A Victorious Rebellion? Microsoft Investigates Ethereum Classic's Potential


A Victorious Rebellion? Microsoft Investigates Ethereum Classic's Potential

Since Ethereum decided to hard fork because of the DAO incident, the network has been in limbo, the community finding itself the center of continuous controversy. The fork caused a split in the blockchain, creating a new cryptocurrency called Ethereum Classic — in turn spawning opposing community factions. Recently, Microsoft executives have met with early Ethereum founder Charles Hoskinson to discuss the merits of the Classic new network, sure to be a slap in the face for the “new” Ethereum.  

Also read: Small Ethereum Clones Getting Attacked by Mysterious ’51 Crew’

Microsoft Discusses ETC With Charles Hoskinson

Microsoft Ethereum ClassicWhile many people have called the “unofficial” Ethereum Classic a scam, the project has gained significant support.

Ethereum developers, such as Vitalik Buterin, refused to technically support the project. However, the community has managed to find its own development team and people who support the protocol. Early Ethereum founders such as Anthony Di Iorio and Charles Hoskinson have said they had no problem with this blockchain. Hoskinson has gone as far as helping the project and recently met with Microsoft concerning the tokens efforts.

The event took place last week in London and was organized by Microsoft’s headquarters in Paddington. Hoskinson took the stage and explained to attendees what his company was doing to further Ethereum Classic’s potential. ETC supporters are looking to gain the same attention Ethereum has by highlighting its focus on immutability. Yet some have criticized the project and have claimed third party application developers won’t build using the protocol.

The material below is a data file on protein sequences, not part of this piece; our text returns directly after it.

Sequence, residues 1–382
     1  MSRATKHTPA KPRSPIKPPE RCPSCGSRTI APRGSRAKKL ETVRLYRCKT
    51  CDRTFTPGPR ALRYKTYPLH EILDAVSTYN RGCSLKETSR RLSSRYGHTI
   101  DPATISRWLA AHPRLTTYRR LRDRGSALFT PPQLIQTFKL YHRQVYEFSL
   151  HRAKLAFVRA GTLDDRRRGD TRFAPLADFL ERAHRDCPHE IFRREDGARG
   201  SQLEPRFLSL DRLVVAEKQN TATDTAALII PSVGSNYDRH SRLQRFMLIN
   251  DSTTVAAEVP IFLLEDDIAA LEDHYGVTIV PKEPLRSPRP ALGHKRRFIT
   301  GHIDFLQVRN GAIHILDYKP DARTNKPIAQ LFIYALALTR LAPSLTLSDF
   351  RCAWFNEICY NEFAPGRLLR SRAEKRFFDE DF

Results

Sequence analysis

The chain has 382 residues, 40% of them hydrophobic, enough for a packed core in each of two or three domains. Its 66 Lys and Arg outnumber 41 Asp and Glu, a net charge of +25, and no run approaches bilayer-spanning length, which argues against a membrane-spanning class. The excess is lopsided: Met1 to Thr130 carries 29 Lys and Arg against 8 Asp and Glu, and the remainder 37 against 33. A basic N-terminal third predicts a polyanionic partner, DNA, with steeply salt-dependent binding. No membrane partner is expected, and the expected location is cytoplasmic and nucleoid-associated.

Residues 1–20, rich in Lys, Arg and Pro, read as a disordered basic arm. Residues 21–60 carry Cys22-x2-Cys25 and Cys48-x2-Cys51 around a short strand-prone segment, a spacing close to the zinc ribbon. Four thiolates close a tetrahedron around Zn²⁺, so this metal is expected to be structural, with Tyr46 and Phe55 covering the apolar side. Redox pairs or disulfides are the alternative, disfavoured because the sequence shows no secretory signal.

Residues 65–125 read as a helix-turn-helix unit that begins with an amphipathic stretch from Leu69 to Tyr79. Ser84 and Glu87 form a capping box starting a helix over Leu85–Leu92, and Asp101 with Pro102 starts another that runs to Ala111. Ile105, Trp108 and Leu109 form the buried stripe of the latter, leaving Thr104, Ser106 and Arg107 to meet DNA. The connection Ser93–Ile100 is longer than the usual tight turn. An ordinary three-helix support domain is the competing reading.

Chinese Investor Will Fund Ethereum Classic dApps

However, an angel investor from China, Chandler Guo, has recently expressed a desire to invest in third party dApps. “I want to invest in 100 dApp ICO’s on ETC in 3 years,” Guo wrote on Twitter, “please add my wechat ID and send BP to me.”  

Chandler GuoThe chinese investor and miner showed opposition to the project at first. When Classic came out, Guo said he would direct his mining efforts at creating a 51 percent attack on the currency’s network. Since then, he has changed his opinion on ETC, becoming a strong proponent.

A Natural Forming Market and Threats of 51 Percent Attacks

The threat of a 51 percent attack against Ethereum Classic has been real. Early on, Ethereum community members threatened to attack the ETC network’s smaller hashrate. Then, this September, Ethereum clones with very little hashrates were attacked by the mysterious ’51 Crew.’ Some people speculated that the attacks were just a test run, and that the group aimed to take down ETC.

Ethereum Classic is not like other Ether clones in existence. It wasn’t specifically designed to happen, and it never had an Initial Coin Offering (ICO). Instead, it came from a hard fork and the market and its value seemed to form naturally. With Microsoft now looking into the network’s potential, ETC could still have a long life ahead.

The token’s market has seen better days though, once reaching a couple of dollars per ETC shortly after its birth. At press time, the cryptocurrency is a little over $1 USD per ETC but still holds the title of 6th highest coin per capitalization.

What do you think about the outcome of Ethereum’s chain split? Do you think ETC will get any legitimate development? Let us know in the comments below.

Images courtesy of Pixabay, and Ethereum Classic.

Tags in this story
Chandler Guo, Charles Hoskinson, Ethereum Classic, Hard Fork, Microsoft

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Jamie Redman

Jamie Redman is the News Lead at Bitcoin.com News and a financial tech journalist living in Florida. Redman has been an active member of the cryptocurrency community since 2011. He has a passion for Bitcoin, open-source code, and decentralized applications. Since September 2015, Redman has written more than 6,000 articles for Bitcoin.com News about the disruptive protocols emerging today.

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